Planned as a rehabilitation garden for the Duke of Cornwall Spinal Treatment Centre, Horatio’s Garden is an innovative project constructed at Salisbury Hospital during the Summer of 2012.
Designed by Cleve West, the Garden has been named in memory of Horatio Chapple, son of consultant spinal surgeon David Chapple and his wife Olivia. Horatio 17, had planned to study medicine after leaving school but unfortunately was killed in a tragic accident before he had the opportunity to realise those ambitions. Having been a keen volunteer at the spinal unit he had been involved in research with patients that had identified the need and potential benefits such a garden would provide.
With an average stay of approx one year after a life changing injury the ability for patients to go outside and experience a quality environment will prove to be a major asset for the unit.
Cleve’s design makes use of drystone walls in a symbolically rich way. ‘S’ spine shaped walls provide structure to the garden with two walls ‘broken’ by the path network, a larger unbroken wall represents the healing process that takes place within the spinal unit.
Having been part of the team responsible for constructing Cleve’s – ‘Best in Show’ Chelsea Flower Show Garden for the Daily Telegraph in 2011, Cleve kindly recommended me to the client group. Using the same material and form for the walls that had been such a feature of his show garden the walls are constructed with the unusual characteristic of having vertical coursing rather than being horizontally bedded. This adds a contemporary twist to the walls and creates a very attractive backdrop to the planting.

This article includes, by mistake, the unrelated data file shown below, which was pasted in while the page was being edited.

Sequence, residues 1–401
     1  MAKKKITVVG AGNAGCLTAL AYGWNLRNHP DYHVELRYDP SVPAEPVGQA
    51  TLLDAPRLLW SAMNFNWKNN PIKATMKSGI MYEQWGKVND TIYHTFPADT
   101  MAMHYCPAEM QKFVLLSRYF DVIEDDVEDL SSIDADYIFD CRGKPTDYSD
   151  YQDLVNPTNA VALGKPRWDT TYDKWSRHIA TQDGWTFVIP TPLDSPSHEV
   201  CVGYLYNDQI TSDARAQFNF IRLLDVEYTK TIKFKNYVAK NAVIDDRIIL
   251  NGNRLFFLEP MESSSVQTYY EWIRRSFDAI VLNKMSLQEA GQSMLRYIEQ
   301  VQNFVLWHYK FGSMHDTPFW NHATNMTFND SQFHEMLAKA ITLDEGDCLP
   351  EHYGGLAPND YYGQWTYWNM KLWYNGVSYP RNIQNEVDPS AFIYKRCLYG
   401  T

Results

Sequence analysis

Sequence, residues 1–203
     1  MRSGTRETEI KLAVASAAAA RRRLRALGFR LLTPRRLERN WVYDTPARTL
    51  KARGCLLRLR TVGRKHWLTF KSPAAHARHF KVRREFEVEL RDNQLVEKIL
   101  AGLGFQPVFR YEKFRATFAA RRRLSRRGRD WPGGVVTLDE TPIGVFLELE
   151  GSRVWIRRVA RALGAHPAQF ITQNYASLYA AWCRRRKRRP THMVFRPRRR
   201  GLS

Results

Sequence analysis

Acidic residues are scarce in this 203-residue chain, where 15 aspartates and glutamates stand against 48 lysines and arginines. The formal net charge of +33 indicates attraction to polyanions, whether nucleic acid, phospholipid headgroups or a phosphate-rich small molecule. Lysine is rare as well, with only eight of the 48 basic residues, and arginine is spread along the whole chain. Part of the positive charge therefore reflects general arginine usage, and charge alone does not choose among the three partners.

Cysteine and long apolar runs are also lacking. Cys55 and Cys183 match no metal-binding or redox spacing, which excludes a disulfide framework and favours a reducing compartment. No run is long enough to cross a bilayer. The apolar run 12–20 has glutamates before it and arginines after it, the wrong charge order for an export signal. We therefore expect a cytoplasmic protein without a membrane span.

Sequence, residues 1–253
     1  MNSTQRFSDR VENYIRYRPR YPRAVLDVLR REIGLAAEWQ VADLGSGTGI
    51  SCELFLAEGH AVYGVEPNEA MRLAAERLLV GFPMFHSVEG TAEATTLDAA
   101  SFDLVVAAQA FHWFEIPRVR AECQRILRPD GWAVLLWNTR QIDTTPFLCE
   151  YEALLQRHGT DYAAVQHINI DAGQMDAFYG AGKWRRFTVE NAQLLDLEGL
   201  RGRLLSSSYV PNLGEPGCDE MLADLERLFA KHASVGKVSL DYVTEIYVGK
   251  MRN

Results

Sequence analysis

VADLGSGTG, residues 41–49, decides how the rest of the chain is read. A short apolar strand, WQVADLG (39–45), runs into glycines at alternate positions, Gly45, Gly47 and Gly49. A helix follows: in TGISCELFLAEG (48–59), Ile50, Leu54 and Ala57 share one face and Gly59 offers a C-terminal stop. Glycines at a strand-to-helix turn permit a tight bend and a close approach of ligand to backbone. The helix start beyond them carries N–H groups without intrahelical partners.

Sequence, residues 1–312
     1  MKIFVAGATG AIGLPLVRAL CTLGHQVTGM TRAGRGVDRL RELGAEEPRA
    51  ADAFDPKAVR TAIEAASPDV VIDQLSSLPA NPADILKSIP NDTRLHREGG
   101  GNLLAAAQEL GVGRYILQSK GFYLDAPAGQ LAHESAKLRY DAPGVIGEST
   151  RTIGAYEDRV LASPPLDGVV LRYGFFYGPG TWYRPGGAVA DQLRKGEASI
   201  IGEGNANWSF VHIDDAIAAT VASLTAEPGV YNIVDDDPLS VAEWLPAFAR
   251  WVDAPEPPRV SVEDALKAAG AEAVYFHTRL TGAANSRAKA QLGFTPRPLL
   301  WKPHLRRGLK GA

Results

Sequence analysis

Working as part of the team under the supervision of the main Contractor Martin Gomm of Wycliffe Landscapes, construction of the walls took place over 26 days straight during May 2012. It was quite an endurance test for myself but it was very satisfying and rewarding to be able to see the ‘bones’ of the garden emerge from the bare site. Constructed using reclaimed Cotswold Limestone the walls have a lovely creamy warm colour and a beautiful textured effect.
A Summer House has been constructed in a corner of the garden to provide some shelter for when the British weather fails to play it’s part in allowing the garden to be used to it’s full potential.
Many thanks to Geoff Corani for the additional pictures featured in this article.